by Anca Vlasopolos
Some roses do take care of themselves, and more.
They propagate, sweet hip seed warmed by bird shit,
send volunteers six, seven feet away. Who, me, they say,
all while their progeny builds yet another and another
hedge so crisscrossed with threadlike needles no
creature but the armored dares to breach it.
I can see me, alone and cursed, back bent, unable and
unwilling to tend the yard, left behind this fierce wall
where the bumble bees roll among stamens, pistil erect
inside these shameless open roses, where carnivorous
lady bugs lap up juicy aphids, wolves to the ants' herd,
where against black then white only the brambles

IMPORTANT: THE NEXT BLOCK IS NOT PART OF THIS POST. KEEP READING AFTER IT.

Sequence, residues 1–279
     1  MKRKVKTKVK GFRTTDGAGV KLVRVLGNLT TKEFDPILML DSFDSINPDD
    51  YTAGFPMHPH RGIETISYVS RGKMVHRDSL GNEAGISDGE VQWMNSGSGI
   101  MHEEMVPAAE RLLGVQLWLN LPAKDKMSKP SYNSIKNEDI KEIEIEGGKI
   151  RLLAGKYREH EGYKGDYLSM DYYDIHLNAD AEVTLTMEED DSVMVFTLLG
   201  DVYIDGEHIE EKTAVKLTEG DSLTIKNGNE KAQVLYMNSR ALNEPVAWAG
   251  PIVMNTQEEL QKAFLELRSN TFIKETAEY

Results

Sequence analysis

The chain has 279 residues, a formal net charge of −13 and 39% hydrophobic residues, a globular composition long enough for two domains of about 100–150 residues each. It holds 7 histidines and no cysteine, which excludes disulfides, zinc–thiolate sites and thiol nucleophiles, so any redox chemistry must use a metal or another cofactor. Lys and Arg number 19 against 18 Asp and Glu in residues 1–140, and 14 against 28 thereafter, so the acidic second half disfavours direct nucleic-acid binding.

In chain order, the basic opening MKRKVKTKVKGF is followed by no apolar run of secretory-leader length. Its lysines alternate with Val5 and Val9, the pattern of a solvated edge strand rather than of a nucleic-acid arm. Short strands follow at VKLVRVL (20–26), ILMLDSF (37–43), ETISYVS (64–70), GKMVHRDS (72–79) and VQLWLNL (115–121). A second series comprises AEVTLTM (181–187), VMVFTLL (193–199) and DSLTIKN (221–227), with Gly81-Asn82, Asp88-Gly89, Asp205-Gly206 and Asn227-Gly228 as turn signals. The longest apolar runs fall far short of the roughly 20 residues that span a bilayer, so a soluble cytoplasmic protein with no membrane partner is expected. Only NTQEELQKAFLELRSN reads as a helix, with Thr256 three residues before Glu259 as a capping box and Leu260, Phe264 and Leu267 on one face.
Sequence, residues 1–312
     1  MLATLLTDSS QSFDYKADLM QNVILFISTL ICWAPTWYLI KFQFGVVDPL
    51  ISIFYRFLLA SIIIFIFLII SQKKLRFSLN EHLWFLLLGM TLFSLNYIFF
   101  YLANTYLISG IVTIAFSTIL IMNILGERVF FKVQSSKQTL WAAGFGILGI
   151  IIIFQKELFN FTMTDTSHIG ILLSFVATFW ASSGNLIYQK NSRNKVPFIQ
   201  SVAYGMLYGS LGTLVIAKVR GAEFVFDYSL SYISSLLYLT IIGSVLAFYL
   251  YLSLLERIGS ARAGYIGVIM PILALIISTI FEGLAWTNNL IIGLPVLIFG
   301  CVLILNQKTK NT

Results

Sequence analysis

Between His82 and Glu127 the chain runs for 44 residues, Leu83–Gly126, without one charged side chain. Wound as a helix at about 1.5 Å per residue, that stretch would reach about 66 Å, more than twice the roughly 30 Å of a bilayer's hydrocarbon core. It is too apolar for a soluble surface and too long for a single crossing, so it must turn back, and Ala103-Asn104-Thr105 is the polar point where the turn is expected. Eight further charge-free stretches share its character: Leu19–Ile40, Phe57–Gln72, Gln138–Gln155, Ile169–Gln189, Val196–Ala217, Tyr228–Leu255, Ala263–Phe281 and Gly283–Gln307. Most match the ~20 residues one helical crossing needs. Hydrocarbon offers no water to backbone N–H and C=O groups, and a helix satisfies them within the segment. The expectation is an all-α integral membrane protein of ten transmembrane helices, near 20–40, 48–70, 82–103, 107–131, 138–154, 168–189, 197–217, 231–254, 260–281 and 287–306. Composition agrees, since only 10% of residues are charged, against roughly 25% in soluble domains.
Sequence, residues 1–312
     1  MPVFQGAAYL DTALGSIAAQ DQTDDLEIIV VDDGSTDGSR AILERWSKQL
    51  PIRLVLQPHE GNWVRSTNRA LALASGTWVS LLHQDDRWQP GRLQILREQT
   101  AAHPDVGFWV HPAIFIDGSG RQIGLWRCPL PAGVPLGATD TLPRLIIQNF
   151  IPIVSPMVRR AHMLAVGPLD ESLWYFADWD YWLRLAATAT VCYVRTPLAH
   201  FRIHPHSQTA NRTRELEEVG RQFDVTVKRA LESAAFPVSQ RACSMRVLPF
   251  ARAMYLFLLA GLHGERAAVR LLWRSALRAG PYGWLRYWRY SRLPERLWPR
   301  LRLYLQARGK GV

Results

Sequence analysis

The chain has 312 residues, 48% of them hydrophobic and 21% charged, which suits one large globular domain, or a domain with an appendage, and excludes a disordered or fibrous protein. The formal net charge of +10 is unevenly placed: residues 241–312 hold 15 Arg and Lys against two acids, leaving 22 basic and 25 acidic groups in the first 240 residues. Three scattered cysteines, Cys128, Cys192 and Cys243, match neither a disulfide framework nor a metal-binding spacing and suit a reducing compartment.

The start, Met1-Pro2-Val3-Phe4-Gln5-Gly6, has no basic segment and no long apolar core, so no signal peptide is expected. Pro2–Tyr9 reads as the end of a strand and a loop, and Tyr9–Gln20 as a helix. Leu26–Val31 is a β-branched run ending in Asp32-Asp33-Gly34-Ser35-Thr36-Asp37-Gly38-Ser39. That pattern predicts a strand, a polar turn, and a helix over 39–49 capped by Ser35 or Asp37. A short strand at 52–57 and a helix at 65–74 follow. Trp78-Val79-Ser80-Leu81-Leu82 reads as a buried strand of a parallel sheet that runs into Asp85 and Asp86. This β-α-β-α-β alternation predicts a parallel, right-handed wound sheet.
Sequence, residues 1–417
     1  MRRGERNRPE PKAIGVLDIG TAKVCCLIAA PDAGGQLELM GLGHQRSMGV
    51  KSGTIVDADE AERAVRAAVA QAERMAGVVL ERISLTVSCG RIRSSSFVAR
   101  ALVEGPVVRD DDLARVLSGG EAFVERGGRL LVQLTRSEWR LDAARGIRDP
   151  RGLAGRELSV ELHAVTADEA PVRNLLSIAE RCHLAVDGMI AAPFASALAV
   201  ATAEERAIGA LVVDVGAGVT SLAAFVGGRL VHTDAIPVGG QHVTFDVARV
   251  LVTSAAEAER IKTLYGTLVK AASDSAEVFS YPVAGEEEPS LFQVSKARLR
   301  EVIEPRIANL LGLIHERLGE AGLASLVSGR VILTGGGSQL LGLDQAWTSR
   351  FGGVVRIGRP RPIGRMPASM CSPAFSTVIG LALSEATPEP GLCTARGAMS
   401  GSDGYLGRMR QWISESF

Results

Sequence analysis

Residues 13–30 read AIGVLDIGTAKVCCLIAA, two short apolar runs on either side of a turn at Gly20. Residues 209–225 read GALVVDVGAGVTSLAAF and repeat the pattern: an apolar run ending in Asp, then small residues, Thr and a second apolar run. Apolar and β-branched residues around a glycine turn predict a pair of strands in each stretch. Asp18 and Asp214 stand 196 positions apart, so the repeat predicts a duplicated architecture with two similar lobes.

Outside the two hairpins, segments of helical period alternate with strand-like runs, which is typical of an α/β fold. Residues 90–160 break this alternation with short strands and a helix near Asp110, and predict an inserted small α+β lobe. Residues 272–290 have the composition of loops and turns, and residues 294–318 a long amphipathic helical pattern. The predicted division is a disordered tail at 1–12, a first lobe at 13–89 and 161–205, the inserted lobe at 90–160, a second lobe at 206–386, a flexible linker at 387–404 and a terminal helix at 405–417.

stand, scraggly, leafless yet
still threatening, crowned with hips like blood drops,
while I behind the ever-growing wall prepare, knowing
the sword and kiss are only at hand for those
who have not lived,
to fall into my ever sleep.
is the award-winning author of The New Bedford Samurai
(nonfiction novel), published by Twilight Times Books, 2007, and has sold over two hundred poems and short stories to literary markets such as The Rambler, Porcupine, Typo, poeticdiversity, Perigee, Poetry International, Barrow Street, Adagio, Avatar, Terrain, Nidus, Short Story, Natural Bridge, Center, Evansville Review, Santa Barbara Review, River Styx, Spoon River Poetry Quarterly,
and Weber Review
. Anca's favorite fruit is the cherry, with persimmons a close second.
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